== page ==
A recent market study completed on behalf of an association delivered insights that will set the course for future offerings and growth strategies. It was not until after we delivered our findings that we asked if the association had developed a value proposition. It had… and we were gratified to see that member responses related to member needs and their perception of the association generally aligned with their value proposition.
However, we’ve also worked with clients whose value proposition was missing or in flux. For that reason, we thought it might be useful to quickly review the fundamentals of a value proposition.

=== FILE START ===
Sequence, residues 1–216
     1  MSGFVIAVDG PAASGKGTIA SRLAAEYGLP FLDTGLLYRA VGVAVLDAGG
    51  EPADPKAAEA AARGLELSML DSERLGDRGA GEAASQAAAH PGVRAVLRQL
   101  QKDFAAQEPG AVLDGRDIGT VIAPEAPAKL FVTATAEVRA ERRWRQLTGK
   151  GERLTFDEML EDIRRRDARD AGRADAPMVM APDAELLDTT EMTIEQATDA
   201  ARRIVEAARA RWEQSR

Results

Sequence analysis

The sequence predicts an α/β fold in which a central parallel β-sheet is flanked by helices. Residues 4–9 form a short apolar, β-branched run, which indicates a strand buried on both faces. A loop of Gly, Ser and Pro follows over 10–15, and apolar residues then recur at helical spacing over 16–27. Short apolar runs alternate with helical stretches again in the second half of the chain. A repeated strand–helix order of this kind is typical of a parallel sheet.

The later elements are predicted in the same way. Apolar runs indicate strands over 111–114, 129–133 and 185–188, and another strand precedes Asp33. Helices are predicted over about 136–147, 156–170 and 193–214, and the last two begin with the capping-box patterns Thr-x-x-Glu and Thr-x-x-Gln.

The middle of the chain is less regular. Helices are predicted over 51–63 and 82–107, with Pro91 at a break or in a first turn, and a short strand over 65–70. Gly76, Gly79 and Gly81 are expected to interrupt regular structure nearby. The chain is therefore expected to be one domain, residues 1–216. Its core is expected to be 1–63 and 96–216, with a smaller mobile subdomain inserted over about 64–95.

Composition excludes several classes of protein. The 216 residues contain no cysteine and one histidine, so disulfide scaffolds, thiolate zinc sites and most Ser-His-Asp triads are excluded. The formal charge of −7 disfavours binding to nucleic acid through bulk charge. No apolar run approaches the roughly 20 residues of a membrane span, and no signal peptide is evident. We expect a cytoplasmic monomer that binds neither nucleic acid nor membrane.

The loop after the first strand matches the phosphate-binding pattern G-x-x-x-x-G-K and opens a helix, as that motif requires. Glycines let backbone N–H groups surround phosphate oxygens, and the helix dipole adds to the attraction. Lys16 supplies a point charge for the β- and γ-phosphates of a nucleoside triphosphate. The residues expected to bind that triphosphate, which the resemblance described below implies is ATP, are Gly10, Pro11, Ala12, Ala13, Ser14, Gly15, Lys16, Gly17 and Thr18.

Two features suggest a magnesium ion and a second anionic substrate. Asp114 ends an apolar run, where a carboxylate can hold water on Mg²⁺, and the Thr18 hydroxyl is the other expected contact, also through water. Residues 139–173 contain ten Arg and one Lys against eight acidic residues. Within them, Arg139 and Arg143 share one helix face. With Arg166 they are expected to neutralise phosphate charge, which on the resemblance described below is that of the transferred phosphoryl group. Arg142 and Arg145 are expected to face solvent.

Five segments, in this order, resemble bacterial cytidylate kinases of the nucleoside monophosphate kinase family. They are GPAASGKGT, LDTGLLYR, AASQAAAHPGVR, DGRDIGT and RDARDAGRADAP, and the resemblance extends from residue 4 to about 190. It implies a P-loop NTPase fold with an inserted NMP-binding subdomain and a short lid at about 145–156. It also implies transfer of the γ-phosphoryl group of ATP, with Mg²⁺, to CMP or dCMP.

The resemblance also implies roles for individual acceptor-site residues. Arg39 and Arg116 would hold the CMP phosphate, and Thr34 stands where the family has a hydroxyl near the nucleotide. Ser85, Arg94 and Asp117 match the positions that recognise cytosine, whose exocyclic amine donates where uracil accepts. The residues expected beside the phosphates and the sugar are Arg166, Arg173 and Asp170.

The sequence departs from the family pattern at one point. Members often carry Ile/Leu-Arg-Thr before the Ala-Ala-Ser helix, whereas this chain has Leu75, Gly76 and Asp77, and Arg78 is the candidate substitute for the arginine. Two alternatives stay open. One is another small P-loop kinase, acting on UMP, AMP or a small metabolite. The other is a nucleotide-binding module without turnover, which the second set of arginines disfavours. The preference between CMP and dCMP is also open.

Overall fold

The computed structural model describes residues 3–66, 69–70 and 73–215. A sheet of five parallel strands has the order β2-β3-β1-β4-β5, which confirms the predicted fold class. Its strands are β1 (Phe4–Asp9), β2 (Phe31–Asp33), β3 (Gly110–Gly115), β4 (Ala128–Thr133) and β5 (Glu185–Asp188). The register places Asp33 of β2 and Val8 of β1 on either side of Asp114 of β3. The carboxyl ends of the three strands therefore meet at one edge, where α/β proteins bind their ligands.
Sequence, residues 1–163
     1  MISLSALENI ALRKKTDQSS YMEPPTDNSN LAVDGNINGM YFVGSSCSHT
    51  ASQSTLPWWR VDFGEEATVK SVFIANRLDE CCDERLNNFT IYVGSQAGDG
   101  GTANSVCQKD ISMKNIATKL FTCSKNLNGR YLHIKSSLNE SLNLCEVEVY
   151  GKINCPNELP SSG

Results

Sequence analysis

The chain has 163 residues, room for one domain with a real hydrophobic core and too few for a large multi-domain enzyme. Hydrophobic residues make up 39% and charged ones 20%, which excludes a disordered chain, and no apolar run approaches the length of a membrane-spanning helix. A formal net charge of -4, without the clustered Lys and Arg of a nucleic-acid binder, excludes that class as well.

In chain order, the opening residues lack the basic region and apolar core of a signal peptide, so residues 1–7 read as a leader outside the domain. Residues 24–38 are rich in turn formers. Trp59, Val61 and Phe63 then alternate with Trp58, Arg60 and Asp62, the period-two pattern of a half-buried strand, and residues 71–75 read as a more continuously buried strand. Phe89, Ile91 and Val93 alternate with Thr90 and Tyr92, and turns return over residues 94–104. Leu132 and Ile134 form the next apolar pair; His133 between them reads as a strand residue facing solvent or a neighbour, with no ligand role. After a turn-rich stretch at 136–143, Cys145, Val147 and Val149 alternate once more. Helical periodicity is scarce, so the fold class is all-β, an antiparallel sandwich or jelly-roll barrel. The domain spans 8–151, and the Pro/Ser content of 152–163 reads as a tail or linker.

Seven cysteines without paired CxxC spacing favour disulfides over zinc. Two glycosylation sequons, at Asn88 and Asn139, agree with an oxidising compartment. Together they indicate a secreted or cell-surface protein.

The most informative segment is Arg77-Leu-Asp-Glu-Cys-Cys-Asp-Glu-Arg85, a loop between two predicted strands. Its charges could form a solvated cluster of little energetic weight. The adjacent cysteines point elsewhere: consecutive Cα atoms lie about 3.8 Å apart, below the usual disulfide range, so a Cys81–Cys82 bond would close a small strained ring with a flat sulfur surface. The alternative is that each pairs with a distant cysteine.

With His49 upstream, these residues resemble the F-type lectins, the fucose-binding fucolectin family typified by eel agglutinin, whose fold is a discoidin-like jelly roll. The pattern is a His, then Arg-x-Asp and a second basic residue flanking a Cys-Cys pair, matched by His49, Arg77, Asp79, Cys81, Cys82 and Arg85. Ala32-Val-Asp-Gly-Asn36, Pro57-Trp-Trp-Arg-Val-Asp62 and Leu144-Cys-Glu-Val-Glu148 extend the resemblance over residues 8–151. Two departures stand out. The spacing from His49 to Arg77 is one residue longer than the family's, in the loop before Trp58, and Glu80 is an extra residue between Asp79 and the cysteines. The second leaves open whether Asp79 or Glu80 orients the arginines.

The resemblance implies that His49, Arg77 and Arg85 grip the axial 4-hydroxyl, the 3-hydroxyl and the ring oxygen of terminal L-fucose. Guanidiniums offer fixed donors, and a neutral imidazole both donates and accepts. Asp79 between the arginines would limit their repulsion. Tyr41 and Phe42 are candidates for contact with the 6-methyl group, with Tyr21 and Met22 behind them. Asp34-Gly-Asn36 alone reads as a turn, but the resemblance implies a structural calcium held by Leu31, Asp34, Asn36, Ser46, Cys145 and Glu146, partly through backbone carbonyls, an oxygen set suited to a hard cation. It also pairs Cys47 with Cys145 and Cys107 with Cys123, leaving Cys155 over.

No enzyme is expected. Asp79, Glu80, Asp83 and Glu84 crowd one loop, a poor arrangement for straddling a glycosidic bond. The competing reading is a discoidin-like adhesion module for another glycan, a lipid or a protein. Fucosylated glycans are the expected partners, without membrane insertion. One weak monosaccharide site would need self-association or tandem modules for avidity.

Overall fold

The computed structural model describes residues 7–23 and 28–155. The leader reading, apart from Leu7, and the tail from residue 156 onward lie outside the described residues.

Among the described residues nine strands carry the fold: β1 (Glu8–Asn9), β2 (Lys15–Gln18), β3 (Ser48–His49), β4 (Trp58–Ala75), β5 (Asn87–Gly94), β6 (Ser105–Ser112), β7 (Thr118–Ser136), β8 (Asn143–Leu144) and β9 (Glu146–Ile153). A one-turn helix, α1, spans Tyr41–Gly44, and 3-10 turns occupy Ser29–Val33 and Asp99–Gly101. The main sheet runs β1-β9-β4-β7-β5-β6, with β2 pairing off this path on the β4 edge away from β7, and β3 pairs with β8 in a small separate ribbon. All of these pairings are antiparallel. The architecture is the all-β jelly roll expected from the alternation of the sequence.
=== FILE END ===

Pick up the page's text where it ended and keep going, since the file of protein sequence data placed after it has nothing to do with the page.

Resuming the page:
A good value proposition is precise and employs language your customer will understand. Focus on the solution, benefit, or outcome your customer will realize- and how your solution is better than that of your competitor (without resorting to hype or superlatives). Find the right words by researching how customers describe the solution, benefit, or outcome. And then make it concise: a good value proposition should read and understood in less than ten seconds.
In short, it should ring with Clarity; be Concise, and be written for your Customer (not you).
Your value proposition should resonate with and motivate your customer base. If it doesn’t, it’s time for an overhaul.
Nancy Musselwhite is a Senior Consultant at Geo Strategy Partners, a B2B/Industrial focused market research and strategy consulting firm.